With sequential multiple assignment randomized trials (SMART), the patients are randomized to a sequence of treatments, with different decisions for those who respond and those who don’t at each stage. Small-n SMART (or snSMART) flip these trials on their head.

“We use multiple stages to gain more information from a small number of people,” says Kelley Kidwell, associate professor of Biostatistics at the University of Michigan School of Public Health.

Instead of different treatments, they can also be used for different dose levels. “You will be randomised to placebo, low and high dose. And if you're first randomised to placebo, you get re-randomised to low or high dose,” says Kidwell. This is a significant incentive as every patient in the trial would receive an active level of the dose, particularly since rare disease trials find it harder to recruit.

But that has its limitations. “Since you treat the same patient multiple times, that can potentially introduce bias in estimating the treatment effects,” says Tianjian Zhou, an assistant professor of statistics at Colorado State University. Moreover, they're only appropriate for chronic rare diseases that remain relatively stable throughout the trial. “It's also not relevant for all treatments if it's going to be a curative treatment,” adds Kidwell.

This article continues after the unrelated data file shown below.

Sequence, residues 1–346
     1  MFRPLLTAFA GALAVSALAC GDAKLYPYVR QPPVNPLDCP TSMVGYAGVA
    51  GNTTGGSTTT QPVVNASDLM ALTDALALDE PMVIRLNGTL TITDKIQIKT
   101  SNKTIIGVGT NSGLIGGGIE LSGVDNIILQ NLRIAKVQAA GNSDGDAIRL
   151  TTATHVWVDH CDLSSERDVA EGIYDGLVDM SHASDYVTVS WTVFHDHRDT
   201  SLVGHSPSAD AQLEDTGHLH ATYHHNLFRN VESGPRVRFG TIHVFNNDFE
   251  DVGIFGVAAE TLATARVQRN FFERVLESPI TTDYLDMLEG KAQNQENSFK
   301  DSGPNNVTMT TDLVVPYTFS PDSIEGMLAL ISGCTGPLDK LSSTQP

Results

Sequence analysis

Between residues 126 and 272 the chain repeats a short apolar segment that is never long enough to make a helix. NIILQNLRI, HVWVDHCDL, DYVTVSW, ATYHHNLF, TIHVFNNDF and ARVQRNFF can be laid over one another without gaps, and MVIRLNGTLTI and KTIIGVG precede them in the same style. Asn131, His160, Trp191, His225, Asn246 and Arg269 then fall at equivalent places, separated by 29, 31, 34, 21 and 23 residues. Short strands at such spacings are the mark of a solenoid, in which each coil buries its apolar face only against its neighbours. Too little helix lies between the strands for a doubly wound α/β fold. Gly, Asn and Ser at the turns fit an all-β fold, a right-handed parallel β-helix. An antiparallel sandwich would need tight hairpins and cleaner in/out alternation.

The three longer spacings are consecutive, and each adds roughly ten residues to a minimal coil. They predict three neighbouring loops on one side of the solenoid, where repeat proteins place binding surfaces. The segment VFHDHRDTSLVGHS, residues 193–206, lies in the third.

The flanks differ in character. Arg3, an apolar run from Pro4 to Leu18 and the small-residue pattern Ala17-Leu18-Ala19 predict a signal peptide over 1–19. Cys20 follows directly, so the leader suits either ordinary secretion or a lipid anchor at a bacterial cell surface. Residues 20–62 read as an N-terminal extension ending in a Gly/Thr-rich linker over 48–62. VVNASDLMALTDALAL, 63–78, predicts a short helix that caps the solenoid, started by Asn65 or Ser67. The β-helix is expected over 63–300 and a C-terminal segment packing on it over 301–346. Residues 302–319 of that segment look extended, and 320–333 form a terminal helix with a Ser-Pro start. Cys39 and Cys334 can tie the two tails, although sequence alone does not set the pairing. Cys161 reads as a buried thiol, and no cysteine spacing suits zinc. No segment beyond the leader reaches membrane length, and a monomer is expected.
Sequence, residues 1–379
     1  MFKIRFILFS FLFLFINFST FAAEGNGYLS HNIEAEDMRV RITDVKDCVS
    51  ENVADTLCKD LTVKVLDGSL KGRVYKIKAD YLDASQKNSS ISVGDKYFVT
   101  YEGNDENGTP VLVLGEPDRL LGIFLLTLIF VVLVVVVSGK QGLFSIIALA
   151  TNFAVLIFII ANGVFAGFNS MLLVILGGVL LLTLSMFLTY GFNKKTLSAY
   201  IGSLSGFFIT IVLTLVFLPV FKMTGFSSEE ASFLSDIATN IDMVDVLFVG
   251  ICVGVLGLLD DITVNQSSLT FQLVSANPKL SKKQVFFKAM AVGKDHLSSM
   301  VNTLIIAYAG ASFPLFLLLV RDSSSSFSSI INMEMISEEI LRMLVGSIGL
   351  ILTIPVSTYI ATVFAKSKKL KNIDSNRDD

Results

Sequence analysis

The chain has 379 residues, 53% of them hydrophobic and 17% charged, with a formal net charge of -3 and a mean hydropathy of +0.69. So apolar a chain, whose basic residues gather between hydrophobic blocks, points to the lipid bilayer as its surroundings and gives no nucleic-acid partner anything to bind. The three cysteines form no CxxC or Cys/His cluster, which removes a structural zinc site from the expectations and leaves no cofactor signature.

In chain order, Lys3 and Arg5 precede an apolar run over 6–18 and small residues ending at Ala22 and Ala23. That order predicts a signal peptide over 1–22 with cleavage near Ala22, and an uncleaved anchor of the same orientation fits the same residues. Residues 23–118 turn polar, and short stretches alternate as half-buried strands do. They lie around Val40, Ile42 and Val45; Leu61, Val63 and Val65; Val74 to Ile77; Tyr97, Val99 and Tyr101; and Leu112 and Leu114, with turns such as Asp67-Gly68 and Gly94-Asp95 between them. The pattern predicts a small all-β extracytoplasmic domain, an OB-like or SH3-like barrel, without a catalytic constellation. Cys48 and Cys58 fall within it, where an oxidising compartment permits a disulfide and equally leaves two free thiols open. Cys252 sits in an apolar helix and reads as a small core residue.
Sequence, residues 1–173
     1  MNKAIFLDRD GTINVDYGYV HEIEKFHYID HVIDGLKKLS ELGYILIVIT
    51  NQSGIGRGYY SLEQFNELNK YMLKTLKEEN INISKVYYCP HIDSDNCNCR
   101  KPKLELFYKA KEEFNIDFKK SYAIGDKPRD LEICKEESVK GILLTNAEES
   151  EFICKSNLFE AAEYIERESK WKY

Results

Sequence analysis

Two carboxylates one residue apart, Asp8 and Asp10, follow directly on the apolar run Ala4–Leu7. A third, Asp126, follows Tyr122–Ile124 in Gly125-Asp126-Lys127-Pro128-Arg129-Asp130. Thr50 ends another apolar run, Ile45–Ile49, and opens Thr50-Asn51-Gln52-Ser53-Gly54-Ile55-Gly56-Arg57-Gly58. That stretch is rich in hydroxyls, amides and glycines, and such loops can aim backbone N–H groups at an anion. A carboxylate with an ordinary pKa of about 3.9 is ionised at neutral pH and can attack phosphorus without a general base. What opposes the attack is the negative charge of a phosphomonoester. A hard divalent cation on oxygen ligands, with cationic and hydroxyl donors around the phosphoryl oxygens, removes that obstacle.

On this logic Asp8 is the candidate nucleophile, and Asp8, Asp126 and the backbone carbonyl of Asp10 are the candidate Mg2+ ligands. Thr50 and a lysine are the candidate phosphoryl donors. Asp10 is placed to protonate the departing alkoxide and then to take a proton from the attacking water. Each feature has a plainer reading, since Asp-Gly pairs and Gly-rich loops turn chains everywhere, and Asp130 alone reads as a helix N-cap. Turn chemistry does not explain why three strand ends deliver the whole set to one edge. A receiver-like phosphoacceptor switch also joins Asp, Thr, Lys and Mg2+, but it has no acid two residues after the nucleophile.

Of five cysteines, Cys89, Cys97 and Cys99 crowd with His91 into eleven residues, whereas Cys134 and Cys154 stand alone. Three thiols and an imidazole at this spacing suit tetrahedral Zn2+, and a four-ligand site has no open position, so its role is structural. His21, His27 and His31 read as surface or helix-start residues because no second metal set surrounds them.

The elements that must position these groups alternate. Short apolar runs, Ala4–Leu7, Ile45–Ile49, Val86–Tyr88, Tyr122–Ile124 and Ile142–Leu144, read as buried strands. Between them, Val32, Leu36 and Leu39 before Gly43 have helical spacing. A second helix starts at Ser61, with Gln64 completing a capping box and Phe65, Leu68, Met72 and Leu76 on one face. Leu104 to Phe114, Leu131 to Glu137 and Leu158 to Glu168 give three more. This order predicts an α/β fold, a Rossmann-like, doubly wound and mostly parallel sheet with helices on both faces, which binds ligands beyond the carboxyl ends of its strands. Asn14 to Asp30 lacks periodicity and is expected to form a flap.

For a lot of rare diseases, validated biomarkers have not been established,” says Vernon. “I think allowing for more generous criteria for validating a biomarker, or acceptance of less conventional biomarkers, could be extremely helpful.”

Borrowing information

In a traditional clinical trial, the treatment effect is estimated by data collected during a trial. This approach doesn’t always suit adaptive trials, small-n trials, and new lines of evidence for rare disease drug development. They are better served with Bayesian models, as compared to the frequentist nature of traditional trials. In Bayesian statistics, the treatment effect is not a fixed parameter to be estimated, but a degree of belief (that the treatment works) that is updated with every piece of evidence.

Some of this evidence is collected during the trial, such as the different stages of a MAMS trial or different treatments in a SMART. But this evidence can also come from before the trial, such as previous natural history data of the disease, previous clinical trials, or real-world data gathered from electronic health records or wearables.

Speaking on Bayesian methods, Zhou says that “they help us to bring in existing information or information that is outside the current clinical trial. This permits what is called borrowing of information. In other words, if the drug performs well in a common cancer type, it can provide some additional information for a rare cancer type. It could make the estimate more precise, or you don't need as many patients with the rare cancer types to get a precise estimate of the treatment effect.”

Often, the control is not a placebo but an existing drug that is the standard of care and benchmark for the new drugs under trial. Bayesian analyses allow utilizing existing information on the control drug to reduce the size of the control arm. “You can either enrol fewer patients on the control arm or you can completely ignore the control arm and perform a single-arm trial,” says Zhou.